PSY 555. Theories of Personality & Psychotherapy. 3 Hours

Survey and critical analysis of the major current theories of personality and psychotherapy, integrating their contributions into a diversified, functional, and adaptable approach to therapy. Prerequisite(s): Graduate student status in clinical program or permission of instructor.

PSY 556. Assessment of Personality. 3 Hours

Survey of approaches to personality assessment as well as the techniques of administration and interpretation of specific instruments. Emphasis is on the MMPI-2, NEO-PIR, and MCMI-III. Strategies of test construction and evaluation, ethical issues, and research are discussed. Prerequisite(s): (PSY 551, PSY 553) or graduate student status in clinical program or permission of instructor.

PSY 558. Group Psychotherapy. 3 Hours

Survey of theories and techniques of group psychotherapy, including a review of the theoretical and empirical literature, as well as a training group experience. Prerequisite(s): PSY 555; graduate level status in clinical program or permission of instructor.

PSY 560. Child Psychopathology & Psychotherapy. 3 Hours

Current views of the etiology and differential diagnosis of psychopathological disorders of childhood and adolescence are examined. Relevant therapeutic approaches are presented and evaluated in relation to recent research. Prerequisite(s): (PSY 553, PSY 555; graduate student status in clinical program) or permission of instructor.

PSY 564. Individual Psychotherapy. 3 Hours

In-depth study of the principles and techniques of an integrated approach to individual psychotherapy (humanistic, dynamic, and cognitive-behavioral) as developed from clinical and empirical findings. Prerequisite(s): (PSY 555; graduate student status in clinical program) or permission of instructor.

PSY 565. Ethical & Cultural Issues in Clinical Assessment & Psychotherapy. 3 Hours

An examination of ethical theories and principles applied to clinical assessment and psychotherapy. Issues addressed include ethical frameworks, ethical codes, assessment practices, psychotherapy techniques, and common problems arising in clinical practice. Prerequisite(s): Graduate student status in clinical program or permission of instructor.

PSY 566. Couples & Family Therapy. 3 Hours

Survey of the major therapeutic approaches to family and couple relationship problems and related research findings. Prerequisite(s): (PSY 555; graduate student status in clinical program) or permission of instructor.

PSY 567. Special Topics in Clinical Psychology. 1-3 Hours

A variable topics course on issues relevant to the training of students preparing for work in clinical psychology. May be repeated with different topics. Prerequisite(s): Graduate level status in clinical program or permission of instructor.

PSY 569. Clinical Practicum. 1 Hour

Experience in interviewing, psychological testing and therapy is acquired through placement in approved mental health agencies. Prerequisite(s): Graduate student status in the clinical program.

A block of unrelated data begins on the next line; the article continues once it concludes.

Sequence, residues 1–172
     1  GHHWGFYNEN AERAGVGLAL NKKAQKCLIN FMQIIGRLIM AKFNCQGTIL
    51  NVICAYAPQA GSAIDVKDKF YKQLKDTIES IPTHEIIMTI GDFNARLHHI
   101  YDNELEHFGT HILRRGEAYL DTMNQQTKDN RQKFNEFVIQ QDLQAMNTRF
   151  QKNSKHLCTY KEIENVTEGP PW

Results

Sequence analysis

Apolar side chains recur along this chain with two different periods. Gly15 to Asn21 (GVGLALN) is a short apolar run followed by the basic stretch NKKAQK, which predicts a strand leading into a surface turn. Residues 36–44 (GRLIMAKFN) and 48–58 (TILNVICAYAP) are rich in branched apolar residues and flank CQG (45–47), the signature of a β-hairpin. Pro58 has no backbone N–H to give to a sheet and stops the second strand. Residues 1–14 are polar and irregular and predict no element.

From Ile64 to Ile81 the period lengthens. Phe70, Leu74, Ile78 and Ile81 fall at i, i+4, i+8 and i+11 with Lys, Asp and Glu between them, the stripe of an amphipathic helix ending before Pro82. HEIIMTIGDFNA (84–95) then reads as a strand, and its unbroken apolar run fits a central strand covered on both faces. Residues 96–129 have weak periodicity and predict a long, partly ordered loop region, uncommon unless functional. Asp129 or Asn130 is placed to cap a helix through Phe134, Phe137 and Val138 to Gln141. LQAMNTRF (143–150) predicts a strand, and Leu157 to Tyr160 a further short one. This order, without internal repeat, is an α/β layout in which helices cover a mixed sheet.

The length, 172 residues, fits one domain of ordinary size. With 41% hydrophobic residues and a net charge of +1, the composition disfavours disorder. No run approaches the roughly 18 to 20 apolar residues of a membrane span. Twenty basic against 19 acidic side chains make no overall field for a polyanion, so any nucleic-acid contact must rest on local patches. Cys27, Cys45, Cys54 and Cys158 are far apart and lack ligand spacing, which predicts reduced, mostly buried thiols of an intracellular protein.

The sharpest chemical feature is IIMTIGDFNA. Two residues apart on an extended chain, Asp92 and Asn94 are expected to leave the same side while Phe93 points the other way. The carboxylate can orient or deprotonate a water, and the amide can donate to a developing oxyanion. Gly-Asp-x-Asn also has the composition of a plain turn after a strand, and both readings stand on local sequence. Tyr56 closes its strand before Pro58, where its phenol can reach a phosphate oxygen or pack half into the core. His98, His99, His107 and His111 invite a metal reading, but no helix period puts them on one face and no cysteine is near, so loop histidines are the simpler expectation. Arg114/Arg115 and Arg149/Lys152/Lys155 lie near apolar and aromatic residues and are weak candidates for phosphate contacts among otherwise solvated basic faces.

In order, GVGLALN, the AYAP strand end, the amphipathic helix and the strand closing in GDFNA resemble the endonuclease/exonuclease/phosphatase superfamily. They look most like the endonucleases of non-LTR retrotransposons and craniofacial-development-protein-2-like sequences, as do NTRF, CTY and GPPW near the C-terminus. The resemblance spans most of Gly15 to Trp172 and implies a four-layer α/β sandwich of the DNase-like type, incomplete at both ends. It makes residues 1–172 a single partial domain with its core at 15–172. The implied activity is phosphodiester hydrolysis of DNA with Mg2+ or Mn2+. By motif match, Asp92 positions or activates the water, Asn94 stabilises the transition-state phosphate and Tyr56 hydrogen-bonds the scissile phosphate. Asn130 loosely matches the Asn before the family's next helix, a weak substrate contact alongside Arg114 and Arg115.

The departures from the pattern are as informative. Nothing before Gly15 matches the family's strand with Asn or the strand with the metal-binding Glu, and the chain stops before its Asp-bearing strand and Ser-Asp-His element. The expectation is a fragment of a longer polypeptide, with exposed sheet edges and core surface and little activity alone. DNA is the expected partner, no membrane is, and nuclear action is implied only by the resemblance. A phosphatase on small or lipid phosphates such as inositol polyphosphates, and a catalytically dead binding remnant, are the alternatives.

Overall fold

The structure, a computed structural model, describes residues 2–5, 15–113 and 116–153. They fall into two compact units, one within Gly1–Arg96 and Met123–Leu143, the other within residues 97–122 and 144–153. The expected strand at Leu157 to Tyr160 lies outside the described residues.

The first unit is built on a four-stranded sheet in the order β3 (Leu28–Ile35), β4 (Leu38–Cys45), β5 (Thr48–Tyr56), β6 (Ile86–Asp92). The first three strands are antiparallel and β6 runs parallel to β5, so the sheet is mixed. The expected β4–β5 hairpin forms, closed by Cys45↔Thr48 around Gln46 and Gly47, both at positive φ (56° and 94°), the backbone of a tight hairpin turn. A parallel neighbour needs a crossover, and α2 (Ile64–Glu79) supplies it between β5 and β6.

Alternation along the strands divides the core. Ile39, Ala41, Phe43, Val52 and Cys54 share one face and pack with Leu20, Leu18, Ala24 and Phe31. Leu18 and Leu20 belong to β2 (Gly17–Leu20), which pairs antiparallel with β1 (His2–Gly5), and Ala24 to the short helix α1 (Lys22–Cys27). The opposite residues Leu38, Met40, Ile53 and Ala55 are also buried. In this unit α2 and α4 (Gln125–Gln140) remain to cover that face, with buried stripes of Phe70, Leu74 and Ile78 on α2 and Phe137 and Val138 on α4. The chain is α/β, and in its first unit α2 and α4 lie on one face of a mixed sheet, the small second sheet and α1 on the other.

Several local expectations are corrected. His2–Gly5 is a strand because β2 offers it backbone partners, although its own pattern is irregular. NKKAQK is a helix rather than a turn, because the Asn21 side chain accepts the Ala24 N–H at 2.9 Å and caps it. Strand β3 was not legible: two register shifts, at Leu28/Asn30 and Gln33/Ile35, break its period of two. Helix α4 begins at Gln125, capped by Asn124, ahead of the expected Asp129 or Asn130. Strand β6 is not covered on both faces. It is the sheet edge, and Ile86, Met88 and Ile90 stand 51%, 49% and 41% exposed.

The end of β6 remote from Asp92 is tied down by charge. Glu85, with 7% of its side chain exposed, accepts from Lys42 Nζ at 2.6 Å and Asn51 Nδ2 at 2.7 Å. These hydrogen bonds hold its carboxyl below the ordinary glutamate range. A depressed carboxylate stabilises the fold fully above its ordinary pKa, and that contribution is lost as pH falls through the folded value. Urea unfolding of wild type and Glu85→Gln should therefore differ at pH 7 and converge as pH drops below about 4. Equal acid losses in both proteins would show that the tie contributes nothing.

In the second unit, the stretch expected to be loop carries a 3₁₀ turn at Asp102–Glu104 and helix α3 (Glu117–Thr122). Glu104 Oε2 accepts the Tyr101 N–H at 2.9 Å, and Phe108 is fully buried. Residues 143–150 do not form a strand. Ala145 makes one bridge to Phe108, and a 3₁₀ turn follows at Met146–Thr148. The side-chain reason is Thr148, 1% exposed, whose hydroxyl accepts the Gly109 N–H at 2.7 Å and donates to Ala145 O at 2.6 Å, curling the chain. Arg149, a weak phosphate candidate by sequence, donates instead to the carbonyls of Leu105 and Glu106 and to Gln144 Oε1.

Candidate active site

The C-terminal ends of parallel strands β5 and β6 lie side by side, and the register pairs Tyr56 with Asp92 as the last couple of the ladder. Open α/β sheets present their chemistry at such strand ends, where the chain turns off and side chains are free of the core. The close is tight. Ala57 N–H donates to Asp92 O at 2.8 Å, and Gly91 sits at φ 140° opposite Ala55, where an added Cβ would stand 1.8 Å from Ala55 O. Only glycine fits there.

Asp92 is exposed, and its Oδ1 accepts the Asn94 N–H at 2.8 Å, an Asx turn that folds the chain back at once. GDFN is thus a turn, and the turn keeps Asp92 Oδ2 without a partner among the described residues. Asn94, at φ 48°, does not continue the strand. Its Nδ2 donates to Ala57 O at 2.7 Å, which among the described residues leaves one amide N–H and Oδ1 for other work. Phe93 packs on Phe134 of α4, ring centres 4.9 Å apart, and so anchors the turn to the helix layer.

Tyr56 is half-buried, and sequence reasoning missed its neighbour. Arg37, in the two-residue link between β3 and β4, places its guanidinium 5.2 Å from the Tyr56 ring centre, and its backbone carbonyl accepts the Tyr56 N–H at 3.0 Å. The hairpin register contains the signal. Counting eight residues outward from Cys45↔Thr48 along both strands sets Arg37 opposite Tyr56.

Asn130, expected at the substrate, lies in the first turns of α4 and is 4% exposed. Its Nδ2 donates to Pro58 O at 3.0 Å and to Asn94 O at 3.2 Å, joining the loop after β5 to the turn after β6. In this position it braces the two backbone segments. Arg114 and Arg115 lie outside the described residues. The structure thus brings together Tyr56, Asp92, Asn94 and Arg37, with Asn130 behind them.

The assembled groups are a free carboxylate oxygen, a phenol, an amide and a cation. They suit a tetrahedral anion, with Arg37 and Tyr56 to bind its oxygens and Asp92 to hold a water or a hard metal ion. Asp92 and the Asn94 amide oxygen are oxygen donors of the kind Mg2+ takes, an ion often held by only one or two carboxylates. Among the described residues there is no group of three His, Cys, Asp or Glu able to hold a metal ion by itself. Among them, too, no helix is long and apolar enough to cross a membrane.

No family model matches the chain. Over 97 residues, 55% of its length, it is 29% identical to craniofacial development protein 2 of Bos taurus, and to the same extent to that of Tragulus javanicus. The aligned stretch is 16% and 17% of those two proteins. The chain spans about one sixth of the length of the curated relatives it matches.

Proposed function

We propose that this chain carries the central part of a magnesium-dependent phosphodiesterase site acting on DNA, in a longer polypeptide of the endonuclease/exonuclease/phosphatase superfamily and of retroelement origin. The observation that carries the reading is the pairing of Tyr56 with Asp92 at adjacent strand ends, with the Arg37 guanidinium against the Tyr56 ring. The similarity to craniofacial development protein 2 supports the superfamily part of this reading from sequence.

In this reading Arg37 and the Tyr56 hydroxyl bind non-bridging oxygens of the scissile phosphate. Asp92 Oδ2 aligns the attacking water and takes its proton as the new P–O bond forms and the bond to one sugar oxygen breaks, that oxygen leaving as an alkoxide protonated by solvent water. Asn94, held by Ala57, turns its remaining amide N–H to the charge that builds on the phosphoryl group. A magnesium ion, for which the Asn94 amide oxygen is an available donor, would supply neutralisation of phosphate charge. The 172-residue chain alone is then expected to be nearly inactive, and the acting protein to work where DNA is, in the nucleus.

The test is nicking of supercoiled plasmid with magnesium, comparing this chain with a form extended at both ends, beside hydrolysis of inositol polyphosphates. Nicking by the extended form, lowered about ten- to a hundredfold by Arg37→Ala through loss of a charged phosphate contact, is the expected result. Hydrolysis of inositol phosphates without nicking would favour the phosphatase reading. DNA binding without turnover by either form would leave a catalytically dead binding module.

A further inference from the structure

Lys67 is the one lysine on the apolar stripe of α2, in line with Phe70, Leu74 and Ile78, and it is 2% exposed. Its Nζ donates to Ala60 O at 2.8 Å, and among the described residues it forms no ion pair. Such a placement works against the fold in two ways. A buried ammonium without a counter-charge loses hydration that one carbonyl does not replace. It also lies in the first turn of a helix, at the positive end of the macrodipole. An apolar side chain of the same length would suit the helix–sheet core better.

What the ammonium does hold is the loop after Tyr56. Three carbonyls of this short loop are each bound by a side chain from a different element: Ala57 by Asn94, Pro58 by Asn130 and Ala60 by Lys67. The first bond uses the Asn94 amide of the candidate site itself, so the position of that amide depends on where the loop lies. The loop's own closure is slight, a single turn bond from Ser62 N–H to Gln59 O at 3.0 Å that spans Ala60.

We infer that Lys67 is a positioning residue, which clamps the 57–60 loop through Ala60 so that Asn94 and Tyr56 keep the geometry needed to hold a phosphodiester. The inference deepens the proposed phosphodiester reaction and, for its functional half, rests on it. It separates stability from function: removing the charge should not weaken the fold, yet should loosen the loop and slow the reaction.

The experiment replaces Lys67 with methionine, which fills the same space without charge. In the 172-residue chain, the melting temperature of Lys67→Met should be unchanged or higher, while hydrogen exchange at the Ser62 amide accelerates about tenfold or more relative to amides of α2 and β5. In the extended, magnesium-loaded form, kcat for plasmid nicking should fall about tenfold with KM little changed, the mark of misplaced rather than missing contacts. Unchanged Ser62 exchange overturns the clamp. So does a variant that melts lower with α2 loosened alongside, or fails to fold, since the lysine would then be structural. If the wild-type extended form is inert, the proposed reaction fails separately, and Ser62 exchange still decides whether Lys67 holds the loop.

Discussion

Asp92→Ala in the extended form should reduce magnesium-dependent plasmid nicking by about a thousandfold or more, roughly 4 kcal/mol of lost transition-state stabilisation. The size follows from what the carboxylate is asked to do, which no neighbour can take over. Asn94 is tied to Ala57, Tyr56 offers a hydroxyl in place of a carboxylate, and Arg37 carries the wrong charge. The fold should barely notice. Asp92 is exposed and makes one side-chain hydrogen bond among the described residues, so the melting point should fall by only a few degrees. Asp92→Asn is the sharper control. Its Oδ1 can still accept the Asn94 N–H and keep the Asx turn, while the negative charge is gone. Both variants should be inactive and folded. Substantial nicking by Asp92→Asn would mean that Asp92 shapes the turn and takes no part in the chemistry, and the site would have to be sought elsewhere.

PSY 573. Developmental Psychology. 3 Hours

The science of human development with emphasis on theory, research methods, findings and applications. Topics selected from but not limited to personality and social development, language acquisition, problem-solving, attachment, sex roles, children's rights, moral and prosocial behavior, family relations and extrafamilial influences such as television and schools. Prerequisite(s): Graduate student status or permission of instructor.

PSY 574. Cognitive Development in Children. 3 Hours

Major approaches to the study of cognitive development: attentional and mediational development as demonstrated in children's learning, memory, and problem solving; language development and Piaget's theory. Prerequisite(s): PSY 452; (graduate status or permission of instructor).

PSY 585. Experimental Social Psychology. 3 Hours

Designed to provide information and perspective about such social psychological topics as attitude change, interpersonal attraction, social influence, attribution, aggression, helping and intrinsic motivation. Prerequisite(s): Graduate student status.

PSY 588. Interpersonal Process. 3 Hours

Seminar in research in some prominent sub-areas of social psychology. Emphasis on critical skills and research ideas in topics such as non-verbal communication, self-disclosure, affiliation and attraction, and equity theory. Prerequisite(s): PSY 585 or permission of instructor.

PSY 595. Seminar in Special Topics in Psychology. 1-3 Hours

Various topics of special interest to faculty and students. An intensive critical evaluation of the appropriate literature. May be repeated. Prerequisite(s): Graduate student status or permission of instructor.

PSY 596. Experimental Research. 1-3 Hours

Individual graduate students explore particular research areas. Under guidance of the instructor, research projects are formulated and conducted. Project reports are required. May be repeated. Prerequisites(s): Permission of instructor.

PSY 597. Readings. 1-3 Hours

Designed for individual, student-faculty study in a specialized area of interest. Topic and criteria for evaluation to be specified prior to registration. May be repeated. Prerequisite(s): Permission of instructor.

PSY 599. Thesis. 3 Hours

An original research project incorporating an appropriate review of theory and literature and demonstrating competence in the application of research methodology. Required of all graduate students.